The Royal Society of Chemistry have awarded the University of Southampton’s chemistry department a National Chemical Landmark blue plaque in celebrating the 40th anniversary of the discovery of a ground-breaking technique which has revolutionised science.

The technique, known as Surface Enhanced Raman Spectroscopy or SERS is used for detecting tiny quantities of molecules. The technique has been practiced in situations such as crime scene forensic analysis, drug detection as well as establishing the origins of works of art.

Professors Patrick Hendra and Jim McQuillan with the blue plaque awarded to the University of Southampton. Photo Courtesy of the RSC.

Professors Patrick Hendra and Jim McQuillan with the National Landmark blue plaque awarded to the University of Southampton. Photo Courtesy of the RSC.

Professor David Phillips, Royal Society of Chemistry Past President said on awarding the discovery of SERS with a National Landmark blue plaque:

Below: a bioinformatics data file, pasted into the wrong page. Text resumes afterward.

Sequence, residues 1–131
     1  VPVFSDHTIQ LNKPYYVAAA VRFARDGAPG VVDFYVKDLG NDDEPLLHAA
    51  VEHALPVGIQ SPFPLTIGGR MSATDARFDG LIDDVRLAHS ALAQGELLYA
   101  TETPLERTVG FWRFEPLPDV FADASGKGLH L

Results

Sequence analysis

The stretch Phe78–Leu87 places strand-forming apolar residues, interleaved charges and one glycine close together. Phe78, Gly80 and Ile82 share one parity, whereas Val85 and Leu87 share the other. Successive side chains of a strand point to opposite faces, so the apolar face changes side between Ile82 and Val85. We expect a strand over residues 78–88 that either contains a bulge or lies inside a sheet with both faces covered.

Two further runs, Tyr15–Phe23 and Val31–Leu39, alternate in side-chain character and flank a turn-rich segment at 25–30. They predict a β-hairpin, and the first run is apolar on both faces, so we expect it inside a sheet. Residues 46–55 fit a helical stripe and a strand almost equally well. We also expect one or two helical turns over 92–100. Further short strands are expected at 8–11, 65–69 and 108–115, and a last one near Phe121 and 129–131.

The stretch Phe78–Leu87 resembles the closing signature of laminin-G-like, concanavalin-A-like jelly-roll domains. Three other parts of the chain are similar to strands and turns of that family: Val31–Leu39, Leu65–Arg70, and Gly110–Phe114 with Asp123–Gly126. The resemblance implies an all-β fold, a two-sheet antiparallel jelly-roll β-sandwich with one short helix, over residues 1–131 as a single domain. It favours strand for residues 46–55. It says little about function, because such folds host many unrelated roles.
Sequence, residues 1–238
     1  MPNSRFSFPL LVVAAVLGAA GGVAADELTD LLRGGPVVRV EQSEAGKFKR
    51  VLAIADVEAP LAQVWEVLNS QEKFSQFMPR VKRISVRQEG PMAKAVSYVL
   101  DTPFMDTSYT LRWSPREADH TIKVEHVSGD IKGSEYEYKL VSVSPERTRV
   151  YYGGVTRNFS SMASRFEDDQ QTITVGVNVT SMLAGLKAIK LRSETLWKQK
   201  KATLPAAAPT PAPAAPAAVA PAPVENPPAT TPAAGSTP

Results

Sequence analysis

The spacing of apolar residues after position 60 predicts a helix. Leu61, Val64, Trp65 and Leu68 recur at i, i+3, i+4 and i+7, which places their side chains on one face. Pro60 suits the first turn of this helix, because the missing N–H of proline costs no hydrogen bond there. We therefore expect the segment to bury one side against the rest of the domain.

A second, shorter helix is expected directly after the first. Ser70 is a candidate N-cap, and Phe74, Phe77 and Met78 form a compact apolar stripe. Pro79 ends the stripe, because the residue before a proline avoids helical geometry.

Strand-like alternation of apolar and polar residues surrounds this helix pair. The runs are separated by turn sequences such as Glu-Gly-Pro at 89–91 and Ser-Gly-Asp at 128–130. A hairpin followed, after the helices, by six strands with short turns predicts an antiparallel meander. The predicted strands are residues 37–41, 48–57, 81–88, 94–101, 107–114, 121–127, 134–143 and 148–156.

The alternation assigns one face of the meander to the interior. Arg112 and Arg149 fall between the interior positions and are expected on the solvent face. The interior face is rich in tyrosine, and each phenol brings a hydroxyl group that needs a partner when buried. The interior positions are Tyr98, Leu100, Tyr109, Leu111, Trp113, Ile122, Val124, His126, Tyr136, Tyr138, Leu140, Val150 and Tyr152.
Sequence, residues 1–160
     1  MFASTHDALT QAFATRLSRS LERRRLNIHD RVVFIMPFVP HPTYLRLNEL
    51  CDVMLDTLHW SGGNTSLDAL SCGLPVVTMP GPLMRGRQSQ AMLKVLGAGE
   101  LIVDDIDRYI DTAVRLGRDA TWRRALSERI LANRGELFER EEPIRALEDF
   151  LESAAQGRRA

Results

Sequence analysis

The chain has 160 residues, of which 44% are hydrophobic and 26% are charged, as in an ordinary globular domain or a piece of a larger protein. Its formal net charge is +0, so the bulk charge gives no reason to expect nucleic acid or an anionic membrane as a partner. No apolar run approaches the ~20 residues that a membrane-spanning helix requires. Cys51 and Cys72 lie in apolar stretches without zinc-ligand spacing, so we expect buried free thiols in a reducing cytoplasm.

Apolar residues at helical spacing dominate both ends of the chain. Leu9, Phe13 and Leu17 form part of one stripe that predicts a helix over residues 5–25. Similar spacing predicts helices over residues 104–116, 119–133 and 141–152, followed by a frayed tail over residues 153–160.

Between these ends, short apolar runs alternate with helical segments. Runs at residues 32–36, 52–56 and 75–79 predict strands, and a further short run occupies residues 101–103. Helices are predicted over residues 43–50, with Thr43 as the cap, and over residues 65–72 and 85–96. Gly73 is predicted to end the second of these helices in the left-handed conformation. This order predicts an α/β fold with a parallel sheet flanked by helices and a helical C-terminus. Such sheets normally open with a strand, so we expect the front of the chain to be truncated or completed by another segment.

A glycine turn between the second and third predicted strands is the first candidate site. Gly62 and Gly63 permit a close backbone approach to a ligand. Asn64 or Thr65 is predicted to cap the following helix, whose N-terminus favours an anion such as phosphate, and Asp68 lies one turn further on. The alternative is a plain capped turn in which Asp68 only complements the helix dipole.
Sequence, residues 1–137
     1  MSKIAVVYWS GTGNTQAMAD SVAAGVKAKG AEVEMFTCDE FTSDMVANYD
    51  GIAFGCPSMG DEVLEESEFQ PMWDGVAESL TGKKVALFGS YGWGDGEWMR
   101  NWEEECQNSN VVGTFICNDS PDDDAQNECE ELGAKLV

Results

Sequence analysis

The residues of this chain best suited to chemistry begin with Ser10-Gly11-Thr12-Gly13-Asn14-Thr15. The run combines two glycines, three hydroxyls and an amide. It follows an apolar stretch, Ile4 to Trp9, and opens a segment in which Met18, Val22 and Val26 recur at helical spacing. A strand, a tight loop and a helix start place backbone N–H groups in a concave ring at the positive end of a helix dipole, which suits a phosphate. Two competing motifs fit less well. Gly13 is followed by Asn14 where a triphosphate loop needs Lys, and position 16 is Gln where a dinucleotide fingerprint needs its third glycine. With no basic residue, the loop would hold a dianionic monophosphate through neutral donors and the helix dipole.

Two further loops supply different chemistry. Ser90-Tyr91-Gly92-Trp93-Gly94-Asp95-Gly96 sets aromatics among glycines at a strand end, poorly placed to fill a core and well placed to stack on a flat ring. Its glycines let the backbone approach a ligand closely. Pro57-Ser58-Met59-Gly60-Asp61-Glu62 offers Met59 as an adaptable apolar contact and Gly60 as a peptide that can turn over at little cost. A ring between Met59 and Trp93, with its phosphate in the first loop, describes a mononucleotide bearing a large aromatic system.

“I am immensely proud that my former departmental colleagues at the University of Southampton were responsible for discovering SERS, particularly since I was a member of staff in the Department when the discovery was made.

“The practical application of SERS in chemistry, genetics and healthcare is of vital scientific importance, from the detection of cancer genes to DNA fingerprinting. It is my great pleasure to come back to Southampton on behalf of the Royal Society of Chemistry and to present a prestigious Chemical Landmark.”

The discovery was made at the University of Southampton in the 1970s by Professors Martin Fleischmann, Patrick Hendra and Jim McQuillan. The team had discovered that by roughening the metal surface upon which the molecules they were examining had been placed, they could increase the signal so that they could detect these molecules, by a million times. This allowed them to detect molecules in far smaller quantities than ever before.

 

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